Heidi Aschenbrenner, LMBT, CCT, NCBMTB, and Member AOBTA, is the owner of Renu Massage, Energy & Bodywork specializing in Eastern bodywork therapies and the Eastern healing arts. Heidi and her team of bodywork therapists, a Reiki master, and a Certified Personal Trainer, all strive to achieve balance in each session through the use of energy work incorporated into their bodywork therapies and have all been trained in Eastern healing techniques and cupping therapy. Renu also offers an infrared sauna from Sunlighten Saunas for deeper healing and detoxification after your session. 

Massage bodyworkI meet a fair amount of people who think of massage and bodywork as a luxury, something to treat oneself to on special occasions. While it is a true massage, feels wonderful and is a great way to celebrate, it seems these people are missing out on a huge opportunity to improve their overall daily health. When people like this come into my practice, I can usually see lots of benefits to regular bodywork that they would experience if they allowed themselves to take care of their bodies. And even if they agree it’s a good idea to do it more often, we won’t see them again for months.

Self-care is important — it is not a luxury at all! We all know to put on our own oxygen mask first in the very unlikely event that our airplane loses cabin pressure, but not all of us know how to take care of our own body, mind and soul. Massage and bodywork address all three of those, and it feels good too! Granted, sometimes bodywork doesn’t feel great if we have super tight or knotted areas, or areas that have been causing pain in the body for some time. Sometimes it does need to feel worse before it feels better. But that doesn’t mean that massage feels wonderful but has no benefits; it absolutely does. We depend on and expect our bodies to carry us from one activity to the next, and we often have such expectations without giving it the appropriate care. It’s no wonder so many people have aches and pains, since bodies are contracting during exercise and fast-paced living, yet not very often getting stretched, soothed, or returned to their elongated state filled with wonderful oxygen. So even an average Jane or Joe who has no complaints can benefit greatly from massage.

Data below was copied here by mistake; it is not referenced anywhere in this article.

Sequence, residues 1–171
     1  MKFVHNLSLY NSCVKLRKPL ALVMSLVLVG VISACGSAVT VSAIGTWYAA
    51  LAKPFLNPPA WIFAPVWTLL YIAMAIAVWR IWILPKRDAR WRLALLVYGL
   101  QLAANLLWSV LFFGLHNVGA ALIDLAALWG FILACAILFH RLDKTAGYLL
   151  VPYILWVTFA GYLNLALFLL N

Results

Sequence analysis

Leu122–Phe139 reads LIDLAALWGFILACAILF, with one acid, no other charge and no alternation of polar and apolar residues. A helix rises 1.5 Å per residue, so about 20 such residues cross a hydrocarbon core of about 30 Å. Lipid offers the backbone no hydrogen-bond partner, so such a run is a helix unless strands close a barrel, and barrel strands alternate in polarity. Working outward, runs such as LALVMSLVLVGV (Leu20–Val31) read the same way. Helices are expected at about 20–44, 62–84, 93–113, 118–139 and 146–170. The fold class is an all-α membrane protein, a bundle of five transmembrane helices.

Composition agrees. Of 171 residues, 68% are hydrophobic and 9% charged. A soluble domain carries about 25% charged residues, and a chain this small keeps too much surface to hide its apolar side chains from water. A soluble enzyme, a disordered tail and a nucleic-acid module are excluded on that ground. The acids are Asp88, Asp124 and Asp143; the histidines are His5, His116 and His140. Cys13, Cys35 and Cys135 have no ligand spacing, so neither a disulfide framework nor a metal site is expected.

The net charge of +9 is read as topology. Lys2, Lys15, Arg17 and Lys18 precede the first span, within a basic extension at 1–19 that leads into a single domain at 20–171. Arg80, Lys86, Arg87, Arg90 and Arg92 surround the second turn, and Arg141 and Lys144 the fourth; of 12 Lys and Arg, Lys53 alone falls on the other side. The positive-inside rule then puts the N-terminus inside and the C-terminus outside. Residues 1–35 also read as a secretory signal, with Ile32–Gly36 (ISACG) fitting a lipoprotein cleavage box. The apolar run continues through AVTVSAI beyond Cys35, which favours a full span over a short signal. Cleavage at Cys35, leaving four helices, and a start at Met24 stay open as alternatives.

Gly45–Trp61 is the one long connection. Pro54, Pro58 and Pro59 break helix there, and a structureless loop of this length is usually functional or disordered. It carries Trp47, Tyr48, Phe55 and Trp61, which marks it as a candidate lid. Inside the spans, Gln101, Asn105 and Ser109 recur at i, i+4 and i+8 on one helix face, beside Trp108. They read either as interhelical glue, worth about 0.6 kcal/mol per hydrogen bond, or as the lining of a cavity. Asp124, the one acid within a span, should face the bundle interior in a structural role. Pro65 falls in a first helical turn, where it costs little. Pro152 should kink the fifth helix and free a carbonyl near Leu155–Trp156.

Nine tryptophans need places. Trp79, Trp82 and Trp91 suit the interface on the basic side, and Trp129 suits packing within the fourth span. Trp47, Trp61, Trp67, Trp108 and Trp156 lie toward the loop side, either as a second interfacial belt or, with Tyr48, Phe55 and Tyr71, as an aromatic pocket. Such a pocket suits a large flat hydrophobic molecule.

Some physical issues can be resolved quickly and efficiently with bodywork, but others are more complex and deeper within. Those in this category often know they need bodywork to address an issue, and they expect if they just keep showing up to regular massage appointments then their issues will magically be resolved without any effort on their part. While massage or other bodywork is a great and appropriate thing to do for a great many chronic conditions, it is only part of the equation and only goes so far. The recipient bears the responsibility to fill that gap and to partner with the therapist to really see some fantastic results. Filling the gap can be done with emotional or spiritual healing, or even by changing some regular habits that are creating the pattern we are trying to change. The bodyworker gets an hour with someone every few weeks, and those habits get a significant more amount of time.

Personally, I have found that true healing is multilayered. Pain in the body can be as simple as surface level, but chronic issues usually have an emotional, energetic and spiritual component. Each person on the journey of healing needs to seek healing on all these layers. And very importantly, communicate with the therapist before, during and after sessions about what is working and not working, what is being felt and experienced, or anything else that feels relevant. A therapist can often read signals the body gives, but a therapist can never know what a client is thinking, feeling or wanting without being told. The more input a therapist receives, the more efficient that therapy session will be.

Whether you are looking to massage and bodywork for relaxation, to heal an old injury or provide relief from chronic pain that affects your daily activities, it is vital that you see your relationship with your therapist as a partnership. Your therapist needs your input to get to the core of the issues that you want to resolve. Together, you can journey through the path of healing to the other side.

Reiki Acupressure CranialAs a bodyworker and certified cupping therapist, I am familiar with chronic pain. I’ve also experienced a significant amount of chronic pain personally over the years, which has led me to the work I do. Since becoming a therapist, I’ve been slowly unraveling what has built up in me all these years, including injuries, internalized stress, and the resulting emotional connections to those things. I learned in studying the body that emotions stay in our tissues, associated with the originating event that caused trauma or stress, until it is released through various forms of bodywork that I have been trained in. What I didn’t fully realize was how helpful Reiki can be in moving that process along and clearing up energetic blockages that keep the body in its same patterns of chronic pain.